Public funding of phylogenetic analysis

Richard Zander bryo at COMMTECH.NET
Thu Nov 20 11:51:37 CST 1997

The U.S. National Science Foundation gives a summary of grants awarded
in various years (

For the year 1997 (NSF 1997), about $15 million was awarded in 96 grants
for systematic research. Of these, 55 awards (57%) had the words
phylogeny or cladistic or molecular systematics or some variant in their
title: these grants totalled about $7.5 million, averaging $135,000 per
grant. An additional 16 grants (16%) had the word evolution or a variant
in their title: these grants totalled about $1.5 million, averaging
$97,000 per grant. The 23 remaining systematics research grants (23%)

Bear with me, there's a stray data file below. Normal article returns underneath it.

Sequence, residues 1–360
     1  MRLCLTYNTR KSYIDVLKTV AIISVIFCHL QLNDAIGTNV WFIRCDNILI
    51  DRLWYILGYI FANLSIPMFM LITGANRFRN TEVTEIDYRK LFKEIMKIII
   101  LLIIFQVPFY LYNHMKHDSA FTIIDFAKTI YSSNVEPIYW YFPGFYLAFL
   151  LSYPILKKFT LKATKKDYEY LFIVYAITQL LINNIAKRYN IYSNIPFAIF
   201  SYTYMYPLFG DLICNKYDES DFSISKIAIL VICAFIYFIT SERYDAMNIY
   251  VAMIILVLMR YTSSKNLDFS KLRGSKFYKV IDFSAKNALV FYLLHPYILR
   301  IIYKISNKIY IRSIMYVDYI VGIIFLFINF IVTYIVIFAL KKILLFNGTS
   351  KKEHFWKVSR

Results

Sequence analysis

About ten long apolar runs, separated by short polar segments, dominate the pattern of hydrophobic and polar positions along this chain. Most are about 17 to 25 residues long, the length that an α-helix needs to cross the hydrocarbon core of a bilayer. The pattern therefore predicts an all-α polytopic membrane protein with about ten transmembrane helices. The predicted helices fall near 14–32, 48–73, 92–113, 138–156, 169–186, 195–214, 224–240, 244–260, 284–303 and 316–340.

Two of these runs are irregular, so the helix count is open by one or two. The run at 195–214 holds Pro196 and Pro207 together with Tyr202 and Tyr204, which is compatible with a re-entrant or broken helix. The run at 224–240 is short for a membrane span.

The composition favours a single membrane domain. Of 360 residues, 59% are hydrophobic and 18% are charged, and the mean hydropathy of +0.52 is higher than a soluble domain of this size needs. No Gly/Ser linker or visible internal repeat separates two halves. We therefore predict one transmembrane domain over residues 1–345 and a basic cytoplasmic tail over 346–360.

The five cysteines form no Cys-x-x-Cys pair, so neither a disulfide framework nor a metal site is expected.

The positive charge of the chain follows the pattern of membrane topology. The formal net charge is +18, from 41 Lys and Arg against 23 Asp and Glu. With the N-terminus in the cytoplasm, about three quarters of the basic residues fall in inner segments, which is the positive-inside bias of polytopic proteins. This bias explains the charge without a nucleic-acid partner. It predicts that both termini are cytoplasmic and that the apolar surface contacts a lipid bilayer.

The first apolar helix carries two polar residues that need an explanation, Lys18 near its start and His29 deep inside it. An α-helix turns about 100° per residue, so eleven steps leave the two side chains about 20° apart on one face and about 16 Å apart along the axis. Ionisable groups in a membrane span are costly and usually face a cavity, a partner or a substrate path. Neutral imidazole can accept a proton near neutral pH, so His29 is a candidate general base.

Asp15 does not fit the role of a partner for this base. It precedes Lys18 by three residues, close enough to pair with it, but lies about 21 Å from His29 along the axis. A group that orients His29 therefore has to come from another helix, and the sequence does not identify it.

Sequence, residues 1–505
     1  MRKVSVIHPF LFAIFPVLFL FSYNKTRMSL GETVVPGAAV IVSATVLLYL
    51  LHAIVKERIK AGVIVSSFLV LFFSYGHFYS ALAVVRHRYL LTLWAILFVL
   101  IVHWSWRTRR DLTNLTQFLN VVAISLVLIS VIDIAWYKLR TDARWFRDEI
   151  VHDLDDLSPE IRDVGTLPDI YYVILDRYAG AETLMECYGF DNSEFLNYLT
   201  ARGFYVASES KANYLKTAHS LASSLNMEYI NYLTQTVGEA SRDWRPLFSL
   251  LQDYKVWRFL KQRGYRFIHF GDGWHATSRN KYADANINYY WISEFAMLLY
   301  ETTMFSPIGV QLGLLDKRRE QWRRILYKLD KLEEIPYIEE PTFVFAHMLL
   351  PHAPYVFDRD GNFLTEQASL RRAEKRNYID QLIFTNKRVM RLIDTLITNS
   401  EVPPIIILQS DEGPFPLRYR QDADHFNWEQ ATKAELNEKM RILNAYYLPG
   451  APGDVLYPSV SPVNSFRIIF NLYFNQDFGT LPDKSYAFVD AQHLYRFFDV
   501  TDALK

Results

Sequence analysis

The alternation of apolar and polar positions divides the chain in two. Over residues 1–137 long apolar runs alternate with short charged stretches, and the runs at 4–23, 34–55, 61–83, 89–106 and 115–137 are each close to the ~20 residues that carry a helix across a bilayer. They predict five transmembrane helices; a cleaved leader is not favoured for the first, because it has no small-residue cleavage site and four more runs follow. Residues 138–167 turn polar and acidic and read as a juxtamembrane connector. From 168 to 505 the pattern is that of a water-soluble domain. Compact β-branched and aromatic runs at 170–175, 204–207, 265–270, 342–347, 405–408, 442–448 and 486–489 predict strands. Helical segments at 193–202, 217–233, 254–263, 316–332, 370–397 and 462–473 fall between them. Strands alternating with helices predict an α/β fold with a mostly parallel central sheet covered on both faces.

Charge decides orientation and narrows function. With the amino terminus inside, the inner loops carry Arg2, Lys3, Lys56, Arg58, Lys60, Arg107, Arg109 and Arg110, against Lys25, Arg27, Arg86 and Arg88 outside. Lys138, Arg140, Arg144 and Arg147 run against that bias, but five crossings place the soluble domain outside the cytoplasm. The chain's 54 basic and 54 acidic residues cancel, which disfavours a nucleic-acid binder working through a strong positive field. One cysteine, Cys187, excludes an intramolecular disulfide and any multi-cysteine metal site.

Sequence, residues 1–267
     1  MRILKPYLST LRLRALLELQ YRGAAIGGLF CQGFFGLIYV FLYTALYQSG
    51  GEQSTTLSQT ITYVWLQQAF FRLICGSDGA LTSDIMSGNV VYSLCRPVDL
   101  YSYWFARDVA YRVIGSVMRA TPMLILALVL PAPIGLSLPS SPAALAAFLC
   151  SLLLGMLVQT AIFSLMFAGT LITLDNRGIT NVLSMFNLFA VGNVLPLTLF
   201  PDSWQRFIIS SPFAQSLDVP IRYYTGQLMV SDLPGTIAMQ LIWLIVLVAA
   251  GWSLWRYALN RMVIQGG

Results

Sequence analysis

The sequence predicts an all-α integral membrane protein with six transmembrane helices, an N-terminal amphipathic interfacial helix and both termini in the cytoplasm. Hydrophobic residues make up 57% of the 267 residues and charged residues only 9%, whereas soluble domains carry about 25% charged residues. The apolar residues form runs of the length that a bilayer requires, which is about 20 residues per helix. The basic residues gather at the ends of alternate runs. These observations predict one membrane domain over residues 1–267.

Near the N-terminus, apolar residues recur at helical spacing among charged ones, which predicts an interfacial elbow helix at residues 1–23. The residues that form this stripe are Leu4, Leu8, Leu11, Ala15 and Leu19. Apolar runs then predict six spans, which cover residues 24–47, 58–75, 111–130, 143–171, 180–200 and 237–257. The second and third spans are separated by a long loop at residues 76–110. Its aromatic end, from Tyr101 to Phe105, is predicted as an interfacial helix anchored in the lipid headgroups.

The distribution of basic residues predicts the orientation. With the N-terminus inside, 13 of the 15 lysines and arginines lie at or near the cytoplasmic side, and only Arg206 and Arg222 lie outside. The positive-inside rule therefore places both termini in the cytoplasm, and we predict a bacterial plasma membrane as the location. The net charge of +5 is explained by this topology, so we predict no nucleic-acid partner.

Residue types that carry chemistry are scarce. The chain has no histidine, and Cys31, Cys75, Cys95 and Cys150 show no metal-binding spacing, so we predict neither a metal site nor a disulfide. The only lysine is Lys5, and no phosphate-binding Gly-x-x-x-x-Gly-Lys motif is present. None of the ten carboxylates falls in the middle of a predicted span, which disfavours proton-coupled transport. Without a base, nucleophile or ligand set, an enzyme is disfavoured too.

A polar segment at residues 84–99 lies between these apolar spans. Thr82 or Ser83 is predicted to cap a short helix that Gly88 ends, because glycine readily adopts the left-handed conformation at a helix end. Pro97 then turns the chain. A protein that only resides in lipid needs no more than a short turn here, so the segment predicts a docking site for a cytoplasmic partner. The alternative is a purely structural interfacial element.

totalled about $5.3 million, averaging $250,000 per grant; for these,
any emphasis on phylogenetics could not be told from their titles. If
one combines the phylogenetic and evolution categories (evolution in
systematics studies being almost certainly used in the sense of
phylogenetics), support for modern computerized evolutionary analysis by
NSF in 1997 is conservatively estimated at about $9 million (of a $14
million pot), taking at least 70% of the awards.

Shouldn't we get to vote on this? Maybe change the emphasis a little? Of
course, one expects wonderful things from molecular systematics, and the
studies are expensive.... One might hope that, in view of the well-known
world-wide critical status of biological diversity, alpha taxonomic
studies (keys, descriptions, nomenclature, typification, discussion of
range and variation, illustration, etc.) are part of phylogenetic
projects, as is sometimes the case, that are supported by NSF.


Richard H. Zander, Buffalo Museum of Science
1020 Humboldt Pkwy, Buffalo, NY 14211 USA bryo at

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